receiver, waits for receiver to begin connection
  • A machine can issue multiple SYNs and use up
    connection state at the server

server state for TCP connections
C
S
repeated request for TCP connection
50
Preventing Syn Floods
  • Limit rate of connections from given address
  • Problem receivers can perform IP spoofing use
    fake source address
  • no confirmation of source address provided
  • Q why doesnt IPsec solve the problem?
  • Use nonces, e.g.,
  • step 1 rcvr sends SYN
  • step 2 sender chooses random n and sends to
    rcvr
  • step 3 rcvr sends SYN w/ n
  • Problem sender must keep nonce state not much
    help over keeping SYN state
  • What may help Prevent spoofing or identify
    actual location of spoofers

51
Preventing Spoofing
  • Goal if a packet has a fake source address, it
    should be dropped
  • CISCO routers provide Verify Reverse Path
  • a packet P with source address S should only be
    accepted on interface i if a packet P with
    destination address P is forwarded out on
    interface i
  • Recall reverse-path forwarding is what is used
    by multicast routing protocols
  • Problem
  • Verify Reverse Path assumes that routing is
    symmetric
  • Otherwise, likely to block legitimate traffic

52
Tracking DoS attacks that use spoofing
  • Goal identify location where the DoS attack is
    coming from
  • Observation DoS attacks transmit lots of packets
  • Assumptions
  • attack mounted from single point (note in
    practice, attacks often consist of coordinated
    transmission from distributed set of hosts)
  • attack packets can be distinguished from regular
    traffic

53
IP Traceback
  • Add router ID field to IP packet
  • Router stamps a packet with its ID with some
    probability, p
  • Pkt arrives at server server can identify a
    router through which the packet passed via the
    marking
  • Probabilistic stamping lets server eventually
    receive stamps from all routers on path
  • (uses observation that DoS attacks involve
    transmission of many packets)

Rtr X
S
C
ID field
54
Problems with IP traceback
  • Have router IDs but dont know the path (i.e.,
    the order in which routers are traversed from
    client to server)
  • Also, what if
  • routers are involved in DoS attack?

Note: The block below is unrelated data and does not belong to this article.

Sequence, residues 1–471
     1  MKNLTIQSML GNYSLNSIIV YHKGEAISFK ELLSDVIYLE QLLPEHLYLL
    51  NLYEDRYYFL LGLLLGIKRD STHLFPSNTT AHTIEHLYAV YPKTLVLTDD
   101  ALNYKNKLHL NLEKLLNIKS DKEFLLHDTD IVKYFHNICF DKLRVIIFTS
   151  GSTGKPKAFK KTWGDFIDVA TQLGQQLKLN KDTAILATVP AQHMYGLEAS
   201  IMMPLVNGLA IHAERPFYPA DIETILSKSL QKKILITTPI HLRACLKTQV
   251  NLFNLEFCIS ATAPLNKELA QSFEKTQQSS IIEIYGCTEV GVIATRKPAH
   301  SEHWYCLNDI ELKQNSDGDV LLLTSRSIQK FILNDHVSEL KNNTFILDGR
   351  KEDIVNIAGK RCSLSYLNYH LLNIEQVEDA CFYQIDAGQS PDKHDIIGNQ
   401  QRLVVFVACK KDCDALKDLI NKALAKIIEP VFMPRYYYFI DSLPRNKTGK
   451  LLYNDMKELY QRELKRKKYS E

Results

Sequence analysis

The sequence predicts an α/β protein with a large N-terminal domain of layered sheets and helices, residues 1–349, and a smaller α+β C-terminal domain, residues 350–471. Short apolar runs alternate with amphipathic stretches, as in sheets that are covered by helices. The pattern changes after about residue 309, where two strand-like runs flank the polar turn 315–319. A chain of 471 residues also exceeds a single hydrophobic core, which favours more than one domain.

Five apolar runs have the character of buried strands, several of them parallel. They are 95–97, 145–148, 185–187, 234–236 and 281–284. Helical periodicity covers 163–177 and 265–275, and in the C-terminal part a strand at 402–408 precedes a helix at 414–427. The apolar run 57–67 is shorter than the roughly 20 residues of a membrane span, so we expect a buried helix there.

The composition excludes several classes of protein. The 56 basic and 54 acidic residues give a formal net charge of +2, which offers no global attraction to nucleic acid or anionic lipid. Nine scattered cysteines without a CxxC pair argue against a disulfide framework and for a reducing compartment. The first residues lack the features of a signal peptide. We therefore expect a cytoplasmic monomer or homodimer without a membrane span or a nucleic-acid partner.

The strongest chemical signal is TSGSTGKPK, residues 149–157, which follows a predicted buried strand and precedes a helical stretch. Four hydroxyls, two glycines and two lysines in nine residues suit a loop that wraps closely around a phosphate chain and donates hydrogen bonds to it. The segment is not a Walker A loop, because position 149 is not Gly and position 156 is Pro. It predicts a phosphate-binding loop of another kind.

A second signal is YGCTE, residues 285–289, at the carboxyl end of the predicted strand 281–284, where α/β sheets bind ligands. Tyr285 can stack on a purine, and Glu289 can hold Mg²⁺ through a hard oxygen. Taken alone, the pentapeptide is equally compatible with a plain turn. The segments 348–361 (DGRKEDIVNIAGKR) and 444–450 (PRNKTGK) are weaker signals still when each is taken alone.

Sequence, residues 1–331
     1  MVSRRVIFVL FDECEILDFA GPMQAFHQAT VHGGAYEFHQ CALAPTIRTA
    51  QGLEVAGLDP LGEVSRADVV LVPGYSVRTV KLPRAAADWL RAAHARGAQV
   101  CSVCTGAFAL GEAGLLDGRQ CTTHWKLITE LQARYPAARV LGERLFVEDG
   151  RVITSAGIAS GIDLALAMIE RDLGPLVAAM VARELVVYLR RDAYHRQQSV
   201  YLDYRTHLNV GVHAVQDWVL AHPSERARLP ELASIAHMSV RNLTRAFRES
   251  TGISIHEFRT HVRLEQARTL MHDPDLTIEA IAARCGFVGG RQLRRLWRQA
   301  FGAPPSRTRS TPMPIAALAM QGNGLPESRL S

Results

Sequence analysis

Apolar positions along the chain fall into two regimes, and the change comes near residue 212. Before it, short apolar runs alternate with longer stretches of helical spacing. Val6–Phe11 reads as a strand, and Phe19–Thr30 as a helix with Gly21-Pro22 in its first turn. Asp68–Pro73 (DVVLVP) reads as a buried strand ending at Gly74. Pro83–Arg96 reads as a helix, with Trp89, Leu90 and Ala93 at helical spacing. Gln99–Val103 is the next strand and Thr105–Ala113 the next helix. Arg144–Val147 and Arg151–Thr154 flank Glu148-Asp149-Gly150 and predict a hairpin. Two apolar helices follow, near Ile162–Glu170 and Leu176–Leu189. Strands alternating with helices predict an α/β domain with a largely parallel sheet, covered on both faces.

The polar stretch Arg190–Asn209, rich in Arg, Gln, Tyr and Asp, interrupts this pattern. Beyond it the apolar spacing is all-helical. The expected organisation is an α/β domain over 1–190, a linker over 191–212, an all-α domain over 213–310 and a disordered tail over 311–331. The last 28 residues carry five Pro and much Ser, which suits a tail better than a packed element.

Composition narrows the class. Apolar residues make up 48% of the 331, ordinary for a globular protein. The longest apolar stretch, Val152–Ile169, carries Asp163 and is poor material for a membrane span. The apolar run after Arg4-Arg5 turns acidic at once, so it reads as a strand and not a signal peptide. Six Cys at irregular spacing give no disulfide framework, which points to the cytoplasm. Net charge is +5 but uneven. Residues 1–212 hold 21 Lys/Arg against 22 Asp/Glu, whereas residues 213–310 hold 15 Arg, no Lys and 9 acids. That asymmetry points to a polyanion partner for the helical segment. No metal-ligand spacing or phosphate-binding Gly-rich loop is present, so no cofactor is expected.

• client sticks in fake router ID?
  • Is there still a way to make use of this
    probabilistic stamping approach?

55
Edge Tracking
  • Idea rather than stamp a packet with a single
    router ID, have two adjacent routers stamp the pkt

Rtr X1
Rtr X2
C
56
Edge Tracking
  • Add additional bit and additional router tag
    field
  • initially set bit to 0
  • At packet arrival to router
  • Router probabilistically marks packet in first
    tag field, if marks then sets bit to 1
  • If doesnt mark but bit set to 1, router marks
    packet in second tag field, sets bit to 0
  • packet marked with edge (i.e., 2 routers attached
    to one another)
  • Using edges, server can piece together the order
    in which routers appear on path
  • Q What about valid vs. invalid markings

57
Trusted Suffix
  • Given we deduce a set of edges
  • (R1, R2), (R2, R3), , (Rn-1, Rn)
  • which are valid?
  • Some suffix (Ri, Ri1), (Ri1, Ri2), , (Rn-1,
    Rn) is valid
  • an intruder can make changes at some router on
    the path, but cannot change the marks downstream

58
Network Security (summary)
  • Basic techniques
  • cryptography (symmetric and public)
  • authentication
  • message integrity
  • used in many different security scenarios
  • secure email
  • secure transport (SSL)
  • IP sec
  • Denial of Service Attacks
  • Prevention
  • Detection

See also firewalls , in network management
59
Course Summary
  • What you should now know
  • Protocol Stack (App, Transport, NW, Link, Phys)
  • Basic hardware
  • repeaters
  • hubs
  • switches / bridges
  • routers
  • ethernet, LAN
  • Addressing
  • MAC (ARP)
  • IP (CIDR, class-based)
  • DNS

60
Course Summary (contd)
  • Transport Layer
  • E2E argument
  • Connection Setup/Teardown
  • Reliability (sel-rpt, Go-back-N)
  • Flow control
  • Congestion Control
  • Case studies TCP, UDP, RTP
  • Multicast group paradigm
  • Network Theory
  • Queueing models (M/M/1/K)
  • Fluid models
  • Network Layer
  • Router switching (crossbar, fast lookups via
    tries)
  • Queueing disciplines (FIFO, Round Robin, WFQ,
    Priority)

61
Course Summary (contd)
  • Network Layer (contd)
  • Policing (leaky-bucket)
  • Routing (Link-state, distance vector)
  • Multicast routing (Reverse-path flooding,
    Core-based trees)
  • Link Layer
  • MAC protocols
  • CDMA
  • TDMA Aloha, Slotted Aloha, CSMA
  • Error correction and detection
  • 1D, 2D parity, 1s complement, CRC

62
Course Summary (contd)
  • Transport Layer Multimedia Networking
  • Coping with Jitter Delay
  • buffering
  • interleaving
  • FEC
  • RTP RTCP, congestion control
  • Multi-rate multicast
  • destination set splitting
  • layering
  • Network Layer Multimedia Networking
  • Reservations Int-Serv, RSVP, MBAC
  • Priority services DiffServ, Dynamic Packet State
  • MPLS

63
Course Summary (contd)
  • Active Queue Management
  • RED
  • ECN (marking)
  • Fairness
  • TCP fairness
  • max-min fairness
  • proportional fairness
  • Inference
  • bottleneck rate detection
  • multicast tree tomography
  • shared points of congestion
  • Security
  • Encryption (DES, public key)
  • Secrecy, authentication, integrity
  • DoS attacks